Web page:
Think of the cute farmer’s daughter in overalls, straw hat, freckles, pig-tails and a piece of straw between her teeth. Now think of the Latvian version of this scene. That’s what the first half or so of the album Alus dziesmas (Beer Songs) sounds like to me: a caricature.
According to the liner notes, Latvians enjoy beer, but their tradition doesn’t condone drunkenness. The liner notes correctly state that "beer was an integral part of the ritual meal at all ancient Latvian celebrations." Beer was a part of socializing, feasting and singing—a beverage to enjoy, instead of a means by which to get drunk. But you’d never know it by listening to some of the songs on this compact disc, nor by looking at the cover picture!
I admit it—the cover photo put me off from the very beginning: a museum-quality traditional Latvian house with four men partying, one of whom is passed out at the table. The first half of the CD sounds like the picture looks: more or less traditional music, but then there’s that one passed out guy that messes it up. The mood sounds exaggerated, like a parody.
If you’re drunk, then not only would your singing and judgment suffer, but also your playing of musical instruments. The playing on Alus dziesmas does not suffer. In fact, it is quite good, as one would expect from the musicians associated with the UPE Recording label. But to me it sounds like they started recording the vocal tracks at the height of their drinking. Thankfully, after about half a dozen songs the music seems to have mellowed them out some. After a somewhat bitter first taste, the CD ends with several really nice songs, leaving a good aftertaste in my mouth.
A few highlights of the CD:
"Es bej loba īmetēja" is very interesting, being a song from the woman’s point of view. This woman does not lament about her husband’s drinking, as one would expect, but rather jokes about her own fondness for imbibing: "Whoever plans to marry me should first build a brewery so that I can start each day by going there…"
The men’s a capella "Kur tu biji alutiņi" is a nice change from the previous songs and leads into "Redz kur nāca alus kanna," sung by three very confident women. "Redz kur" is the traditional drinking song where I come from, aside from the common ziņģes. It rarely has a set text, because people are expected to just add verse after verse. The melody line is almost too simple, but the elaborate ways people keep the strong beat going (for example, pounding anything made of wood) keep the song fun and exciting.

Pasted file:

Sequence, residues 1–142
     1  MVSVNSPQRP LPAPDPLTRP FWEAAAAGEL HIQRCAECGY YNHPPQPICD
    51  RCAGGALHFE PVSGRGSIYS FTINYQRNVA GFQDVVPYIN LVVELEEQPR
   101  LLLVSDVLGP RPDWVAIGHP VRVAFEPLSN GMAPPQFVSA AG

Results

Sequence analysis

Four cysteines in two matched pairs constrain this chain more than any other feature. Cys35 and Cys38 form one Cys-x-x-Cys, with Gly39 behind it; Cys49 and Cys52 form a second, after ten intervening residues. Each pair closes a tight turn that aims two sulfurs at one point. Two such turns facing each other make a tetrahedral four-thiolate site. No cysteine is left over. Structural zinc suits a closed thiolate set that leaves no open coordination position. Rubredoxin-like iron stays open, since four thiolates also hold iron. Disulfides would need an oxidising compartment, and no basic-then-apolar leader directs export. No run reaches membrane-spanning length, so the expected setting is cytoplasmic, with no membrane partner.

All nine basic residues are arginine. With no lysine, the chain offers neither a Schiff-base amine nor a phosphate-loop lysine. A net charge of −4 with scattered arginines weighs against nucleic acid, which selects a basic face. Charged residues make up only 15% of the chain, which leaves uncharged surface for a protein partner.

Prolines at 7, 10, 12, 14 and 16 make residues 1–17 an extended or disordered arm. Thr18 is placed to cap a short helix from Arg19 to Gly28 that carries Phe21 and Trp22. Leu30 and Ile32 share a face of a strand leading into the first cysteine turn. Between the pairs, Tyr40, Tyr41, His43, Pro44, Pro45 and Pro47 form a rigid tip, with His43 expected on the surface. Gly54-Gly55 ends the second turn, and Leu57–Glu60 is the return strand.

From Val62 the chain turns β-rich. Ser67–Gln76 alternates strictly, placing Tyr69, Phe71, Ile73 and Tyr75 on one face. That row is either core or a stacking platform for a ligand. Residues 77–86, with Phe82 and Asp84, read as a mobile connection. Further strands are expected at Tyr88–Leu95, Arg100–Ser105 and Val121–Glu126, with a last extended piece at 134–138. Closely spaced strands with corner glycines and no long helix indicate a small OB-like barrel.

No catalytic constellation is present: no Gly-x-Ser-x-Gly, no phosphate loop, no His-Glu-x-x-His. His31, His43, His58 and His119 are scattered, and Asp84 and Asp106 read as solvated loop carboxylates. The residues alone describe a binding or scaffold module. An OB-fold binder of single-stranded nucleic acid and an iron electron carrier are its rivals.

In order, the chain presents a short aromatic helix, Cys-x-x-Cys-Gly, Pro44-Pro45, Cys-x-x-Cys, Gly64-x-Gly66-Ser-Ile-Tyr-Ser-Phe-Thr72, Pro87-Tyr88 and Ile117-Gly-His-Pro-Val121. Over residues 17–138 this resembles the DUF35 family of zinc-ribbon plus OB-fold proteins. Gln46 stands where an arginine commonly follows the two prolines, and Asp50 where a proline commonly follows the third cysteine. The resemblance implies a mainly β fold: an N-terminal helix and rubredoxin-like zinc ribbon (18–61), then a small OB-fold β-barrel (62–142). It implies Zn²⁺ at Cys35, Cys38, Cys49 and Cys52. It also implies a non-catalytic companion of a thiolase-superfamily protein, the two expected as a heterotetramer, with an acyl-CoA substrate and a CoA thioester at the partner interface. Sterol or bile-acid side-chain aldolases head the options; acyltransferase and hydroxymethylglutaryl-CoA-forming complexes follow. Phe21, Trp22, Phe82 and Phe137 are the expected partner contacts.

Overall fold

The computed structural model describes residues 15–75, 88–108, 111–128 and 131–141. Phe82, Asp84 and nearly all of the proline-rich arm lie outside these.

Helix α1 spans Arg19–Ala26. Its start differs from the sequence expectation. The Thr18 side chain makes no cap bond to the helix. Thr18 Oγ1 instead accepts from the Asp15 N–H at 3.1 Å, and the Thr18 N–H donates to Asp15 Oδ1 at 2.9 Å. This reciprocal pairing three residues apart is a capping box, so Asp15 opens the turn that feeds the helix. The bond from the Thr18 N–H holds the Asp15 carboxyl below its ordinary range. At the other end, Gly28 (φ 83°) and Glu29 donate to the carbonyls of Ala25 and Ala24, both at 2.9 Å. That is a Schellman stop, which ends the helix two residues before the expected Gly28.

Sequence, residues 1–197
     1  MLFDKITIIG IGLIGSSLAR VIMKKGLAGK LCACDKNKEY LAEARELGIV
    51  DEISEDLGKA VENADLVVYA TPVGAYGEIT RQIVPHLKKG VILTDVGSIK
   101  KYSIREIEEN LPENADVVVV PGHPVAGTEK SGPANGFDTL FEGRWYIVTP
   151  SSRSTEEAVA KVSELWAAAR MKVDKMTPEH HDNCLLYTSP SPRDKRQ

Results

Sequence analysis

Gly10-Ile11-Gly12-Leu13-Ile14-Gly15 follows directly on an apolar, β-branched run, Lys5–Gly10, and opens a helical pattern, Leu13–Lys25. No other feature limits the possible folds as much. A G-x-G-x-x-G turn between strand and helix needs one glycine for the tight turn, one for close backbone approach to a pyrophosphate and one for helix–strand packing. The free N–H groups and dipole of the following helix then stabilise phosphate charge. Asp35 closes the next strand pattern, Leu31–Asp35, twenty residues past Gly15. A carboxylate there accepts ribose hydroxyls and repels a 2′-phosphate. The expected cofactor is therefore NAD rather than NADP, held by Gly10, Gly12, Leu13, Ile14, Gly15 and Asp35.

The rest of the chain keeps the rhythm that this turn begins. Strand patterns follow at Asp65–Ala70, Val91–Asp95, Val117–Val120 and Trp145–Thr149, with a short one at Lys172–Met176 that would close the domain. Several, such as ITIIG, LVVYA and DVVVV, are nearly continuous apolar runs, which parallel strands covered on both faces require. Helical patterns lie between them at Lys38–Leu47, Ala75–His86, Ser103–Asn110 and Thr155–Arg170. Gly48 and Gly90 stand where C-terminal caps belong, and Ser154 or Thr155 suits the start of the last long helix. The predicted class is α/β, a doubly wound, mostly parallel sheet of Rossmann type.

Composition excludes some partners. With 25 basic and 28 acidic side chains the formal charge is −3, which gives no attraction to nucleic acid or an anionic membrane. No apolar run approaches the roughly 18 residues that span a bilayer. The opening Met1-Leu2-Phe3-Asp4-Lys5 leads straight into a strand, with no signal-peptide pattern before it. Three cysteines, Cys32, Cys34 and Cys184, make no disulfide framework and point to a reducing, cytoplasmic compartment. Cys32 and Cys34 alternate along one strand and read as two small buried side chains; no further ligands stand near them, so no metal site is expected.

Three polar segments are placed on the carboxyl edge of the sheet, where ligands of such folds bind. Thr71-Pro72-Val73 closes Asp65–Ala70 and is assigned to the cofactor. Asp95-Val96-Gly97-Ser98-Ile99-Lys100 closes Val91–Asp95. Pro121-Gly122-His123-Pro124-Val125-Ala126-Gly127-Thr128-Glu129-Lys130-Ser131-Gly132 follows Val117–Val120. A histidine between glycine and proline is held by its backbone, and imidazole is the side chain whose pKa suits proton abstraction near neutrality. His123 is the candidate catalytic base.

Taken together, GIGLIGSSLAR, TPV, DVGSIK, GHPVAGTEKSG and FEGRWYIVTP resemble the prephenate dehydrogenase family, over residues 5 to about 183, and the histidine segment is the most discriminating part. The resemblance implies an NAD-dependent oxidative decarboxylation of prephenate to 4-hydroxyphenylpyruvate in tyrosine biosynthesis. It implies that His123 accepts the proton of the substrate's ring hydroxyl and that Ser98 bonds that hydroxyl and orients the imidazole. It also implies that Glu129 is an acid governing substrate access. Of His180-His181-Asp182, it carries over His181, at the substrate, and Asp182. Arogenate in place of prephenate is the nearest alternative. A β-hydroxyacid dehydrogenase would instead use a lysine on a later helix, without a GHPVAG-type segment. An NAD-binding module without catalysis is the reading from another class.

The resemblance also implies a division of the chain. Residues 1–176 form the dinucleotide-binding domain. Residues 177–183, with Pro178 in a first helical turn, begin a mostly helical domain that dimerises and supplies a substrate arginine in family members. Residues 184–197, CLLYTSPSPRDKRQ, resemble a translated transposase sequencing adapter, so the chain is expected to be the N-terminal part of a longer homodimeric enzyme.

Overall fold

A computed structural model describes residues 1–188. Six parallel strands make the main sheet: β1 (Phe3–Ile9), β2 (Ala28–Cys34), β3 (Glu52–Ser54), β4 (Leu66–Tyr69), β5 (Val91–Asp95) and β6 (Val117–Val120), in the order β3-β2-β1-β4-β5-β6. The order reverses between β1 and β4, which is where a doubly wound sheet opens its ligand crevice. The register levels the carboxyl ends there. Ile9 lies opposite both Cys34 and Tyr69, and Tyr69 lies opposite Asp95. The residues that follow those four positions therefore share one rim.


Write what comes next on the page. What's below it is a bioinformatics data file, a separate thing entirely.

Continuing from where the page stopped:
While all the songs on the CD (except the two instrumentals) are truly pretty much about beer and beer alone, "Pie alus galda sēdēja" is a love song of sorts that mentions beer only in the title. "Alus, alus, laid mani iekšā" is a great waltz-polka combination.
Actually, there are quite a few good, merry, lustīgas songs on Alus dziesmas. But like I said, I don’t care for the treatment they receive on this recording. I also got a bit tired of the constant accordion (as well as the Cajun-inspired playing of it, for example, on "Aiz kalniņa dūmi kūp"), but I guess the instrument does seem to fit well with beer.
A warning to connoisseurs of ultra-traditional music: This CD contains a whole lot of whoops, yips, grunts, squeals, calls and shouts. For some reason these have become quite popular in Latvian traditional music lately. They’re not really at all out of place at a wild party or even just a fun evening of dancing and singing. But some people do not like to hear them on recordings.
Alus dziesmas contains just a few of the many, many songs on the topic of beer and drinking (a great number of which are, need I say, heart-rending laments about drunk husbands, but we hear none of those on this CD). Despite the treatment they receive, the collection of songs is pretty good, and the goal of the CD is noble: to once again intertwine the drinking of beer with the singing of traditional beer songs.
Latviešu tautas mūzikas kolekcija
UPE Recording Co., 2001
UPE CD 026
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